I was inundated with doctors’ appointments and gathering as much intelligence as possible. Professionally, I prepared to be out of work for a few weeks after surgery, which was scheduled days after Thanksgiving. On top of it, I still had my pre-cancer busy life, the ever-present juggle of full-time work, full-time wife, and full-time mom to my 8 and 5 year-old children Caleb & Amelia. My husband, Deke, was incredibly supportive and did his best to put my mind at ease. We spent hours researching and discussing all the possible outcomes, treatments, surgical options, even communication. How and what were we going to tell Caleb & Amelia?
There were still a number of unknowns regarding my cancer. I knew I had an invasive form, which meant it could spread easily. The cancer was caught early and my team of doctors at Lehigh Valley Health Network was optimistic, but I wouldn’t know the extent of treatment until after my surgery.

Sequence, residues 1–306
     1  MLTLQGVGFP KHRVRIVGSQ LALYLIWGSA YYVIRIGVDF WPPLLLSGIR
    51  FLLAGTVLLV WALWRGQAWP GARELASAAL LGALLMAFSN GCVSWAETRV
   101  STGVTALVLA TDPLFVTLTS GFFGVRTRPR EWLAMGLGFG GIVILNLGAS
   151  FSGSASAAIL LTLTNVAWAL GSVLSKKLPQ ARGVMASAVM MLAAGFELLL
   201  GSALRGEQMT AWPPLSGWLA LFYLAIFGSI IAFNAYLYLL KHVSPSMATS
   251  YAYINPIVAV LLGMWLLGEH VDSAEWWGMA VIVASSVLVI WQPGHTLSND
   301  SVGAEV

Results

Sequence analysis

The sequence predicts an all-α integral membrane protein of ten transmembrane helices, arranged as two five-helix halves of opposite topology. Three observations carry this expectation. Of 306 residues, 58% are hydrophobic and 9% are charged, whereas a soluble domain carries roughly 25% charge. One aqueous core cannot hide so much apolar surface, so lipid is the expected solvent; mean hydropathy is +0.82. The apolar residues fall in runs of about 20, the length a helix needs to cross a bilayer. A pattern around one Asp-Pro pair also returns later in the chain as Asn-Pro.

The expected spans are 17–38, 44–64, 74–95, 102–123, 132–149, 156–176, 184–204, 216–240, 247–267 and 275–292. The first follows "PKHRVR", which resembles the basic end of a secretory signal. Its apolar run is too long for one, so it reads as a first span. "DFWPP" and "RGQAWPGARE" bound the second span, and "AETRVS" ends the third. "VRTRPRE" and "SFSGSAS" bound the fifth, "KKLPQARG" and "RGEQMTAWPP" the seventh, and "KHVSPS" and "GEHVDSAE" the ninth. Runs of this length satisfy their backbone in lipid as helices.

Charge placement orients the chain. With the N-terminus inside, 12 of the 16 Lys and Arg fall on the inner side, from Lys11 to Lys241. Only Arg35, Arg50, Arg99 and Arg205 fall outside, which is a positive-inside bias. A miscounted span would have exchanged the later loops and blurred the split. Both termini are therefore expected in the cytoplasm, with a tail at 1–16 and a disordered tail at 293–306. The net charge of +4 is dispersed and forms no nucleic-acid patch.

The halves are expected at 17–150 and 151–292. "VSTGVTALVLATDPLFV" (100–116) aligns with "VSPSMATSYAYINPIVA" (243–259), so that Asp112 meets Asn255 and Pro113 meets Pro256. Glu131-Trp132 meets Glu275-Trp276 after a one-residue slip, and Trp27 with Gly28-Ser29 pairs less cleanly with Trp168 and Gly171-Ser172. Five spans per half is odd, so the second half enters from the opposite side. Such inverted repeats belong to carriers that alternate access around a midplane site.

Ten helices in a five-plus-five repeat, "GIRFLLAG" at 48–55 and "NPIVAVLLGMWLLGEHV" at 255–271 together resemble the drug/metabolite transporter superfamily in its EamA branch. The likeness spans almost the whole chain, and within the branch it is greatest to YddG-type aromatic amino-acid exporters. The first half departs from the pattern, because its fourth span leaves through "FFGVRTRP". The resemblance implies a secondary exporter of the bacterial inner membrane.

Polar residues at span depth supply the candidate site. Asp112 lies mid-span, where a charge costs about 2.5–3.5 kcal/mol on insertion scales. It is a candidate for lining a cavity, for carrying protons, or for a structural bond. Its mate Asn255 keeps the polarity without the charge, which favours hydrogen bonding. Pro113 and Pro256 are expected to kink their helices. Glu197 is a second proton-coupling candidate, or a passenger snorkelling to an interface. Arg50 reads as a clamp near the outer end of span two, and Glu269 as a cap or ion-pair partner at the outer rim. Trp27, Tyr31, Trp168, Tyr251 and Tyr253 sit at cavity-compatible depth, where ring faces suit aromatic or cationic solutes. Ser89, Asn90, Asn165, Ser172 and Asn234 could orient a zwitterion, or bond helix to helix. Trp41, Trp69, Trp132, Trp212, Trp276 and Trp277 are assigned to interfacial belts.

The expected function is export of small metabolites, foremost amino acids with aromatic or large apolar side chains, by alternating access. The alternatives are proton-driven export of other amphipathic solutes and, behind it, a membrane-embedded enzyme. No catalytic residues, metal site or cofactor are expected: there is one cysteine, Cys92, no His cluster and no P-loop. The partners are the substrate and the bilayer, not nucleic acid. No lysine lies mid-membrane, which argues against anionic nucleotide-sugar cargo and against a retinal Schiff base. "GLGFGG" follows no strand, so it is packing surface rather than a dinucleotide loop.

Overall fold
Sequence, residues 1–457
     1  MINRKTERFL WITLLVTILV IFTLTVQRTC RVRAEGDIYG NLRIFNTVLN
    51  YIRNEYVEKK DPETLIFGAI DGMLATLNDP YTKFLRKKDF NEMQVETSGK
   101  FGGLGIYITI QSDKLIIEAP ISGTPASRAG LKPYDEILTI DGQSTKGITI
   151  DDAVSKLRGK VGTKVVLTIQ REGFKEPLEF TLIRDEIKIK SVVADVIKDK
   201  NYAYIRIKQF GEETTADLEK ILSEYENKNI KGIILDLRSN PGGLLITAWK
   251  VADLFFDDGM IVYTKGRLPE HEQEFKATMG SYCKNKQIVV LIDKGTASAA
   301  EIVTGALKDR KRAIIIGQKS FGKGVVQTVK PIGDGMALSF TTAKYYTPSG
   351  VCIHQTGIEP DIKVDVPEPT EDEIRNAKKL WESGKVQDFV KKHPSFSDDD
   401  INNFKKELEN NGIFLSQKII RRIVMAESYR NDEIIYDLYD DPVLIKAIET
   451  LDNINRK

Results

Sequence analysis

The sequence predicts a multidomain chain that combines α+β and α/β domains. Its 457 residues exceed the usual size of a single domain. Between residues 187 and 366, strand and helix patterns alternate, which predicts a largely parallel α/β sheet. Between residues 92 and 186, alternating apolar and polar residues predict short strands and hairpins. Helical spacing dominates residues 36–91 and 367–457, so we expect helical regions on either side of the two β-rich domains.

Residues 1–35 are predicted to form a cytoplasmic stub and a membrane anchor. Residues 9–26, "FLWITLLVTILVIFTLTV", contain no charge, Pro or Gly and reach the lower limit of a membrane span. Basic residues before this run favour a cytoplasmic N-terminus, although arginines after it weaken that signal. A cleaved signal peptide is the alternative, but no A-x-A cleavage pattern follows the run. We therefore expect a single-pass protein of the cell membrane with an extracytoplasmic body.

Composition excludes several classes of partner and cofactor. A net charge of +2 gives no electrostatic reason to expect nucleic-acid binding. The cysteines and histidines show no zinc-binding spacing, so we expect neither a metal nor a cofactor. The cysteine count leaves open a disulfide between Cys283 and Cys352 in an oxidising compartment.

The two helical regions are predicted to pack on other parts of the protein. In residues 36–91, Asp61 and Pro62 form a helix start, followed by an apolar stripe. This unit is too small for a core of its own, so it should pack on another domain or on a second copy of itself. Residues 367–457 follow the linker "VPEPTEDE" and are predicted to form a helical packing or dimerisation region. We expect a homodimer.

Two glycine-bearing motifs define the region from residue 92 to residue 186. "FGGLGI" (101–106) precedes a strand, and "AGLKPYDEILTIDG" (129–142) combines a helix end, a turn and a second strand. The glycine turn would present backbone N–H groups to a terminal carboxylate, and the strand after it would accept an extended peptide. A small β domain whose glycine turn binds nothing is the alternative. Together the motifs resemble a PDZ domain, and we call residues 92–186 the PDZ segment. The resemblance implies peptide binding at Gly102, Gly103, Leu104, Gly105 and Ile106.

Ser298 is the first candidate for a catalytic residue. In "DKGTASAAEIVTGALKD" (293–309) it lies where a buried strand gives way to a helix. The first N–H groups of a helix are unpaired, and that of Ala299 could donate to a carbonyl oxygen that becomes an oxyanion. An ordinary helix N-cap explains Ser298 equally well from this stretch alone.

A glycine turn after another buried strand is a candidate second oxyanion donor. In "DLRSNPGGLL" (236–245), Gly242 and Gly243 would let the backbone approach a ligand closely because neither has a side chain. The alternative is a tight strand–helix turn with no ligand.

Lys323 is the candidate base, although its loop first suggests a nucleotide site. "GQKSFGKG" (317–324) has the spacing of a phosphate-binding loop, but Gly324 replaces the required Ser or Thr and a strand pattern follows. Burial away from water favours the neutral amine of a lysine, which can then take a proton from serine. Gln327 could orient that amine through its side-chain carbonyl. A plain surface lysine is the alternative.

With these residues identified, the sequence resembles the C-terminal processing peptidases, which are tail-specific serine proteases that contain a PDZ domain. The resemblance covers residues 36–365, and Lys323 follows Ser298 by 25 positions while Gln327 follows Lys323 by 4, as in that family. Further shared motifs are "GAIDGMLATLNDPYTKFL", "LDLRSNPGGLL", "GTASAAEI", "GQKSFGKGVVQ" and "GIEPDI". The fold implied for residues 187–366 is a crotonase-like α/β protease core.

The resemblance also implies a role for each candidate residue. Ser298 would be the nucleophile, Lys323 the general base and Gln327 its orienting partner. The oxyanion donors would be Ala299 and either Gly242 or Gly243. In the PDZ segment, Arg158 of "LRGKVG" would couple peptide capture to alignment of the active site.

Although I knew I likely would not need it, it gave me great peace-of-mind to know that I had plenty of life insurance. My family’s financial life would not be disrupted if, heaven forbid, something went awry. On more than one occasion during those first few weeks Deke and I reminded ourselves how fortunate we were to have quality health coverage, disability insurance, and life insurance in place. We shuffled things around to increase our emergency cash reserves, simply to make us feel more comfortable. We had proactively taken steps pre-cancer to ensure we had adequately addressed potential risks and had enough flexibility to adjust the pieces of the puzzle. Having a plan in place gave us the financial confidence we needed, to allow us the freedom to focus on getting me healthy and maintaining a happy and normal life for our children.
At Morton Brown Family Wealth, there are a few themes that consistently run through the many financial planning conversations we have. Understanding the potential risks that could derail a successful outcome and building in flexibility at each decision point, are two of the more common discussions I have with clients.